A Dog's Way Home by Bobbie Pyron
This is one of those tales where even though you think you know the end, the story is compelling enough to keep you moving quickly through the book. You must know what happened. Pyron doesn't spare us one bit as we follow Tam through the wilderness, hunting and barely surviving. She portrays Tam's thoughts with realism and compassion. I had to know what inspired her to write this story. Take a few minutes to read:
One of the questions I invariably get asked when I visit schools to talk about my latest book, A Dog’s Way Home, is what inspired me to write the book. Unlike the answer to the inspiration for my first book, The Ring, this answer is easy: the two great passions in my life—dogs and books.
Several summers ago, I’d finished writing The Ring. I’d tucked it away in a drawer to “marinate” for a month or so before I started revising it. I was up in the mountains hiking with my two dogs, Teddy and Boo. Teddy is a Shetland Sheepdog like Tam in A Dog’s Way Home. Boo is a coyote mix of some sort-perhaps mixed with Border Collie and Australian Shepherd. Teddy, like any good Sheltie, trotted along beside me, never straying far from my side. Quite honestly, Teddy would be happiest if he were surgically implanted in my side. Boo, on the other hand, was off hunting. She always knows where I am even if I can’t see her. From time to time Teddy briefly joined Boo in a chase of some sort, but he always came racing back to my side, licking my fingertips in apology. Watching the two of them interact so differently with me and the wilderness, I asked myself that most important questions all writes ask: “What if?” What if Teddy and I were somehow separated and he had to survive in the wilderness all on his own? Could he? And what about Boo? I was pretty sure with her excellent hunting skills she could survive in the wilderness on her own, but what would she feel emotionally? I was pretty darned sure she’d be lonely for me and Teddy. As we sat beside a fast-flowing stream and ate our lunch, I heard a young girl’s voice telling me about losing her beloved Sheltie in a car accident and how no one believed he would come back to her, but she believed.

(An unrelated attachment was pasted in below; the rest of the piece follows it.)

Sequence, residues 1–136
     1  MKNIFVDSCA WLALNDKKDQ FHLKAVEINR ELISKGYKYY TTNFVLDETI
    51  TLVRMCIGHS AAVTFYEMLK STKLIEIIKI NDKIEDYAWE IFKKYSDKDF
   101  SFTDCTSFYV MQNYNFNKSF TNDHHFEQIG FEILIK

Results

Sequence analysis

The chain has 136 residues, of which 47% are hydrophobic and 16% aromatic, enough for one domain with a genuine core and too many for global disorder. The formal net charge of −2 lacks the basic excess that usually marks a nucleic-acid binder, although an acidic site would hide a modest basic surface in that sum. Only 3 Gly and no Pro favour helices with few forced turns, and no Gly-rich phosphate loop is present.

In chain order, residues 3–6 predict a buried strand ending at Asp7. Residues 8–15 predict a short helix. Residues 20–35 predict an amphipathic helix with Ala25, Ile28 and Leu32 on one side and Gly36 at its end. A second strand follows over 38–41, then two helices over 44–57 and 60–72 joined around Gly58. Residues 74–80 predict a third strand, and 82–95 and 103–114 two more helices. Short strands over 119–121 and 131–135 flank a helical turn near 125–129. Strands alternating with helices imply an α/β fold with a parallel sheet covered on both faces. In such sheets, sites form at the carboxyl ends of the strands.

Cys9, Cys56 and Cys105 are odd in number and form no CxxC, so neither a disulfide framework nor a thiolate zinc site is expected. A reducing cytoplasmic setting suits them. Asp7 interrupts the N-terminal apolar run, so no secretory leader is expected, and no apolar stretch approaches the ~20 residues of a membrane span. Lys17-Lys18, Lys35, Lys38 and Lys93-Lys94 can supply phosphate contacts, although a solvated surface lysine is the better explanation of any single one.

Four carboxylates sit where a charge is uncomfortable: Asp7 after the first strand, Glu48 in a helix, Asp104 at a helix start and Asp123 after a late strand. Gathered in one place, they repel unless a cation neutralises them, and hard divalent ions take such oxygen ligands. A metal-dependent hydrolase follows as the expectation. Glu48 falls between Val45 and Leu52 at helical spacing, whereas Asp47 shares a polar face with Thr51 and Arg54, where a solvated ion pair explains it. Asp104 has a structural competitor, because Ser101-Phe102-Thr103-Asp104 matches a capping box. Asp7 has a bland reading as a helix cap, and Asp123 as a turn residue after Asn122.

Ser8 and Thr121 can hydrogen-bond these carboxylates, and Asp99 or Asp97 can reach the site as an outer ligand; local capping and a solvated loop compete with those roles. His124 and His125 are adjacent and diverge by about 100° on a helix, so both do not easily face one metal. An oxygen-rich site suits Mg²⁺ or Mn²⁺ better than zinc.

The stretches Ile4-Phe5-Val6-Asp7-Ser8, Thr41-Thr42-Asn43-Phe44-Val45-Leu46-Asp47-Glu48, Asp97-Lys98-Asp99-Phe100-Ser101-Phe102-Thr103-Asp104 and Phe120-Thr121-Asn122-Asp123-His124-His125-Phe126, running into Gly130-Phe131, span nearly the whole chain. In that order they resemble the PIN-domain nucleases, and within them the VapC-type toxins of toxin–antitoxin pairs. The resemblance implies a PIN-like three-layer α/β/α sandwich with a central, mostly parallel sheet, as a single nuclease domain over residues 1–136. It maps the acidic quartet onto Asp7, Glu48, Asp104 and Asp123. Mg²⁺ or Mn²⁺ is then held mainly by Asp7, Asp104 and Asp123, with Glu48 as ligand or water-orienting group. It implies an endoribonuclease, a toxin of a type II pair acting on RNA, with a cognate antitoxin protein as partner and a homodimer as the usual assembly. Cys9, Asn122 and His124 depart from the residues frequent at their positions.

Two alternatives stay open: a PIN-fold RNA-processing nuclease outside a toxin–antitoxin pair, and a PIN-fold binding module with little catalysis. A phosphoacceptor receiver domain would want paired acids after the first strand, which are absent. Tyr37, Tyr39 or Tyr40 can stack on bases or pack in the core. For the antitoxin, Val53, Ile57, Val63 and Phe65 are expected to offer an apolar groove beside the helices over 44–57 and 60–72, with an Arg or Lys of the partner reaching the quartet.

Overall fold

Thus, Abby’s voice was born.
I’m also a passionate reader and have been ever since I can remember. I can no more imagine my life without books than I can imagine my life without dogs. When I was a kid, I read every great dog adventure book out there: The Incredible Journey, Irish Red, Lad, and of course my all-time favorite, Lassie Come-Home. When I first started writing A Dog’s Way Home, I knew I wanted to pay homage to those classic dog books. I read and re-read them as I worked on my own book, using them as my role models for how to best portray the deep emotions of a dog without having the dog actually speak. I am always so honored (and humbled) now when reviewers and fans of my book compare it to those great classics.
I like to tell people, A Dog’s Way Home is my personal love letter to the two life-sustaining passions in my life: dogs and books.